A RISING number of Russian naval vessels have been detected in UK waters including submarines caught “lurking” near the Faslane nuclear-armed submarine base, a foreign affairs think tank has found.
The Russian subs are thought to be attempting to identify the “acoustic signature” of Britain’s Vanguard submarines in order to track and potentially sink them before they can launch their nuclear missiles, according to the Henry Jackson Society.
Experts say the “alarmingly regular” contacts paint “a worrying picture of the revival of Cold War Russian habits of probing our defences by sea and, especially, by air”.
In one incident in August 2010, a Russian Akula-class Typhoon submarine stood off Faslane “waiting for a Trident-capable Vanguard-class submarine to leave the port for its three-month patrol.”
On two occasions in 2015, the UK was unable to deal with the threat posed by suspected Russian submarines positioned off the Scottish coast and had to seek assistance from Canada, France, and the United States, the society said.
Dr. Andrew Foxall, director of the society’s Russian Studies Centre, pieced together official air intercept statistics and media reports of naval contacts — which are not recorded by the MoD — and found a rise in Russian intrusions in UK territory.
There were 12 reported Russian naval approaches in UK seas between 2013 and 2016 — and just two in the previous seven years.
Over half of the 43 reported contacts by air and sea occurred between 2005 and 2016 occurred in the most recent three years.
The report said: “Russia’s submarines, which lurk off naval bases in Scotland, seek even…sensitive information: the ‘acoustic signature’ made by the UK submarine fleet, including the Vanguard submarines that carry Trident nuclear missiles.
“If Russia were able to obtain a recording of the ‘signature’, it would have serious implications for the UK’s nuclear deterrent: Russia would be able to track Vanguards and potentially sink them before they could launch their missiles.”
Scottish air bases were by far the busiest in the UK with nine launches from RAF Lossiemouth and seven from RAF Leuchars, which became an army base in 2014, compared with just two each from RAF Coningsby and RAF Leeming in England.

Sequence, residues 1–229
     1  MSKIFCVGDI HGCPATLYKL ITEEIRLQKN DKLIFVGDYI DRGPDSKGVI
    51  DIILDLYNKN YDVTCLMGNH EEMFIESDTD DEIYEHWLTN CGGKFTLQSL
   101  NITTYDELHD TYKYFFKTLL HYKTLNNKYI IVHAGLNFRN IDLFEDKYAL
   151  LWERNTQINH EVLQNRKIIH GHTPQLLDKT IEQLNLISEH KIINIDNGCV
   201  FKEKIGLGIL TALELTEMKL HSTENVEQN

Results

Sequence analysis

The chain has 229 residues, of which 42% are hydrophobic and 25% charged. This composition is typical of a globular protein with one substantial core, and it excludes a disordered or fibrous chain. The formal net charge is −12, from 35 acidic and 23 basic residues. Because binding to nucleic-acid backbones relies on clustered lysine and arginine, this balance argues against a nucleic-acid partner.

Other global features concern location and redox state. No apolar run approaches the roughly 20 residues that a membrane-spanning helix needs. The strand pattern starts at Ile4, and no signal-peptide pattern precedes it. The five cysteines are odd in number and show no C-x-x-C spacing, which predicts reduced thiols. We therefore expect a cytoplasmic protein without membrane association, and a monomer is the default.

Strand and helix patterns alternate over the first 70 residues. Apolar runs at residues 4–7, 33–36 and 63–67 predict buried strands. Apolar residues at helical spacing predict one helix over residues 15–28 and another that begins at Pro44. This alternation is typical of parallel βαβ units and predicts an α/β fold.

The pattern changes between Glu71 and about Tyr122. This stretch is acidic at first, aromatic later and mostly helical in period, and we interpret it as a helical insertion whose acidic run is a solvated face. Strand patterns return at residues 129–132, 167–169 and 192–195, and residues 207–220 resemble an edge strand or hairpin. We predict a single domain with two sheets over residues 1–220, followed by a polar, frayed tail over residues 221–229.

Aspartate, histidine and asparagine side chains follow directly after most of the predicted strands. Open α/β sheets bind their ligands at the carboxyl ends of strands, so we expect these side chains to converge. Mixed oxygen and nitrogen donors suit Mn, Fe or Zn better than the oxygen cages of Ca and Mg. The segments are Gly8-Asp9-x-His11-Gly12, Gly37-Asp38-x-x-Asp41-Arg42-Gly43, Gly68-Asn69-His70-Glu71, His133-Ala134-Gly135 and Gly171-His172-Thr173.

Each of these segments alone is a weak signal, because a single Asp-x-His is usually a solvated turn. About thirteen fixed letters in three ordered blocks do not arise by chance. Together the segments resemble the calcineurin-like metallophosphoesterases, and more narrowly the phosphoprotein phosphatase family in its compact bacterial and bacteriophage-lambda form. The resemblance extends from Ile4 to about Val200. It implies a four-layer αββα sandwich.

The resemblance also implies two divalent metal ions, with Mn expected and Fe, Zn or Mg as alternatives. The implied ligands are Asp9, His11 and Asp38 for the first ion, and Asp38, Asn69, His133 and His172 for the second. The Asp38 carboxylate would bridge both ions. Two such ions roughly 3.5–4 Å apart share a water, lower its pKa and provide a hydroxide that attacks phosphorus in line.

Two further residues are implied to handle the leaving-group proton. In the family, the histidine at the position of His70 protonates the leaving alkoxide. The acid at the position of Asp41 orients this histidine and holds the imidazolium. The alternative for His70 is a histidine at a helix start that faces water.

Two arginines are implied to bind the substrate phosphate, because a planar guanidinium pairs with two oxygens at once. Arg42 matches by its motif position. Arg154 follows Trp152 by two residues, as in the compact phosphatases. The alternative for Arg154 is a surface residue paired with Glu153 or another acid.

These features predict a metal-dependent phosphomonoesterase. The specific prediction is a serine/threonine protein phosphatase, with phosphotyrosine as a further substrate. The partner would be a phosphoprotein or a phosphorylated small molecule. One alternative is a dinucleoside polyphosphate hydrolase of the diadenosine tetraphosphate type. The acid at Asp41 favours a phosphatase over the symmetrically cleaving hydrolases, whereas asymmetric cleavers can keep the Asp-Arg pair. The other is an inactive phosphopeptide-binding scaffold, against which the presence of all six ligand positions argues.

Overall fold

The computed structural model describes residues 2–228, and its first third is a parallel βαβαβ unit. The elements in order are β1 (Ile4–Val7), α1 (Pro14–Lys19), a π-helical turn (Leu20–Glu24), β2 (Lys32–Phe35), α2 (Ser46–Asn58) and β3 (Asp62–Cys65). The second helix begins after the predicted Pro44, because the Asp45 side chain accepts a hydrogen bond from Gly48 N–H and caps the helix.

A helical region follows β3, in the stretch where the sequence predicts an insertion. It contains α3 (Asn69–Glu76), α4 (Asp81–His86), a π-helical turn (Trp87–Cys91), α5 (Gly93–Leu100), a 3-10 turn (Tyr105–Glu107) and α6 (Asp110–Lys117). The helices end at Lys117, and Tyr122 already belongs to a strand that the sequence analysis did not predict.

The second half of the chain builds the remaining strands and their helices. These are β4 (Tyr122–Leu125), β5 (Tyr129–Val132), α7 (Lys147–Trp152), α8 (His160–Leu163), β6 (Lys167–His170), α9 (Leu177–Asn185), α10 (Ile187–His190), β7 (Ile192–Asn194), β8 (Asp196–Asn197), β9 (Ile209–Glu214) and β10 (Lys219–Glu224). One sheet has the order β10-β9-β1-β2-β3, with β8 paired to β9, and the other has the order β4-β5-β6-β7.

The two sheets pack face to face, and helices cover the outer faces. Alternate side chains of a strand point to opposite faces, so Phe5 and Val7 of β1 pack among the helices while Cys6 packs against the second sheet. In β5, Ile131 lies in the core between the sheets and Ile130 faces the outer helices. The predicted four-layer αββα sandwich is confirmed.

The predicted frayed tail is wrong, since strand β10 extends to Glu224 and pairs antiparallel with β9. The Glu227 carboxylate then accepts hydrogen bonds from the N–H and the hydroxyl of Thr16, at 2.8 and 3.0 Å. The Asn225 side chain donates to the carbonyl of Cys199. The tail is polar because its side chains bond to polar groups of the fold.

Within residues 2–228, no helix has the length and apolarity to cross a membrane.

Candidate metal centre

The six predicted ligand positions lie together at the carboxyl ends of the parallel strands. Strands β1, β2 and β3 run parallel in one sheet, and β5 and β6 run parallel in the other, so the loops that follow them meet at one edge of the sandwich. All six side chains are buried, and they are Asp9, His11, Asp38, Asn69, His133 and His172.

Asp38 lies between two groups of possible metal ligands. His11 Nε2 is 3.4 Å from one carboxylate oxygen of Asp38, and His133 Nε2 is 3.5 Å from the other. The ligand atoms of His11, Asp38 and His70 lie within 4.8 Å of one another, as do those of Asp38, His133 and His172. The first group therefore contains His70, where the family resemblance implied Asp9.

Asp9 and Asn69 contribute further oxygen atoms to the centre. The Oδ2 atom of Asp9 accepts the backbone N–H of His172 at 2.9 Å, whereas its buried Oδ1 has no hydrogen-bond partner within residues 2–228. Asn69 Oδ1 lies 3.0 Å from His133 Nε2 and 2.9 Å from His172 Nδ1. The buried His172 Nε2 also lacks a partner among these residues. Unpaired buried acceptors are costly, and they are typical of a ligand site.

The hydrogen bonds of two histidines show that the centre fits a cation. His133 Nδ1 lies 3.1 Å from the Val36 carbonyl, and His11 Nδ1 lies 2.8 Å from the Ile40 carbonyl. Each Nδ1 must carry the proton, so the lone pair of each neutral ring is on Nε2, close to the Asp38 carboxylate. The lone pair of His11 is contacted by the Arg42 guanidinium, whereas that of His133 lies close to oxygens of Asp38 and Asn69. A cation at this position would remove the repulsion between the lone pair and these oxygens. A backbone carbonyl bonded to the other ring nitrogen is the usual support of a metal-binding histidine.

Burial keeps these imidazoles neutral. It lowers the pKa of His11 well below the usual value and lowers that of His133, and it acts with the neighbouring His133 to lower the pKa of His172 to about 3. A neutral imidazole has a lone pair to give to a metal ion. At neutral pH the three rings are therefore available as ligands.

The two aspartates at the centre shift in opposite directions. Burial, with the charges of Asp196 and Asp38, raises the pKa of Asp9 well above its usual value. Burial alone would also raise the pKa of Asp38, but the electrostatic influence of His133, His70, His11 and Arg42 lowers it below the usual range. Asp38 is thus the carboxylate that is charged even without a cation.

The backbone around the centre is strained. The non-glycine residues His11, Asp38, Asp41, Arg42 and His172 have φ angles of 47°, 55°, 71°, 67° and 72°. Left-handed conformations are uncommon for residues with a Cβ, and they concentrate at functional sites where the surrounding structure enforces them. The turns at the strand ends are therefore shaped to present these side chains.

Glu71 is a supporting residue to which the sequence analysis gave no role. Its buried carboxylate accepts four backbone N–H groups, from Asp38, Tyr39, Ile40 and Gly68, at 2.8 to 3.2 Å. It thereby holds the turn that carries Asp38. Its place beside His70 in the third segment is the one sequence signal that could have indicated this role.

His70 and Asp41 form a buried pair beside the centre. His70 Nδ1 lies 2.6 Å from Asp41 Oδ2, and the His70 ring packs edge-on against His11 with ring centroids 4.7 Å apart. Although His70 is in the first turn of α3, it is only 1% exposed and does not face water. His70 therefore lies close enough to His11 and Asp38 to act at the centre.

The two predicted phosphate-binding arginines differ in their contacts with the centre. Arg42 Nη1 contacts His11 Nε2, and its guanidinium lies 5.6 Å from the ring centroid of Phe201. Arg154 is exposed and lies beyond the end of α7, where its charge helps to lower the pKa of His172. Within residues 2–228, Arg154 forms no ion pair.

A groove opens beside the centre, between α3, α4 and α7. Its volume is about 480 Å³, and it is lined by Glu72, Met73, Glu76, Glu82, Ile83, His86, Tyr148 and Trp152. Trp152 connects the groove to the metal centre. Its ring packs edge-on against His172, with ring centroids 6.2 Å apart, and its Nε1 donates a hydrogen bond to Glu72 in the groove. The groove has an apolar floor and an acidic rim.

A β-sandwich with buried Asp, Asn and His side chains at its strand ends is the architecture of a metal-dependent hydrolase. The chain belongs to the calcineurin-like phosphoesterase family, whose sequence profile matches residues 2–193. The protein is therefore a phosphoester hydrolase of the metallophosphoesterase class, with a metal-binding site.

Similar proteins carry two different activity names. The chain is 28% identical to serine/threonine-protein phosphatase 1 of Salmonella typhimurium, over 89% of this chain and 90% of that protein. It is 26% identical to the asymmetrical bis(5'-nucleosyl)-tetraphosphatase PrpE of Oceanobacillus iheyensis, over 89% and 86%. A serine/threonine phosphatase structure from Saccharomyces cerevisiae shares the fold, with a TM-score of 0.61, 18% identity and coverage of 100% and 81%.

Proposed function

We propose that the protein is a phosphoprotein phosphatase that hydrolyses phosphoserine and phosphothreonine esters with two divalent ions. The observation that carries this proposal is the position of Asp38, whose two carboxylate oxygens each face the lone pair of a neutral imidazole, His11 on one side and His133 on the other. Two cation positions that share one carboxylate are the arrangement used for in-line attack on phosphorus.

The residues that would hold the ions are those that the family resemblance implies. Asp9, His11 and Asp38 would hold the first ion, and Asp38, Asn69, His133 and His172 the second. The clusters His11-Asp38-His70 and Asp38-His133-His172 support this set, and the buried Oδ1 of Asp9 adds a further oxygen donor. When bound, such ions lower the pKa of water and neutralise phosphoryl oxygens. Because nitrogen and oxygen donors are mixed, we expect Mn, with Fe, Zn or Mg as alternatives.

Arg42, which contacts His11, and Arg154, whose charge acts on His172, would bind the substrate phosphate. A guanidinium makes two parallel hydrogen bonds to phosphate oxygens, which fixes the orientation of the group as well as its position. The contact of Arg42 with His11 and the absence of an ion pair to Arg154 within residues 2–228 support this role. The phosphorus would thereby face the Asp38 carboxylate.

While the large number of North Sea contacts are largely down to geography, with routine Russian and UK routes straddling each other, some are thought to be deliberate shows of strength at times of international tension.
The murder of Alexander Litvinenko in November 2006 saw airspace incidents rise from four in 2005 to 19 in 2007, while an airspace incident in January 2008 coincided with a dispute over British Council’s operations in Russia which saw the closure of two of its three offices.
Two Russian bombers buzzed the Cornish coast the day after Ben Emmerson QC characterised Russia as a “mafia state” during the inquiry into Litvinenko’s death in 2015.
Dr Foxall said: “There is a troubling picture of close encounters and emergency scrambles perpetuated by an aggressive Russian government…these Russian activities are best understood not in isolation, but rather as a part of the Kremlin’s increasingly assertive foreign policy toward the West.”
Dr. Julian Lewis, former chair of the House of Commons Defence Select Committee, said: “Dr Foxall paints a worrying picture of the revival of Cold War Russian habits of probing our defences by sea and, especially, by air.”
An MoD spokesman said: “We keep all threats under constant review and have robust security measures in place to combat them.
“This includes RAF Quick Reaction Alert Typhoon aircraft, a Royal Navy warship held at continuous high readiness and the ultimate guarantee of our security, the nuclear deterrent.”
The Russian Embassy in the UK declined to comment.
Original article: The Herald, Scotland.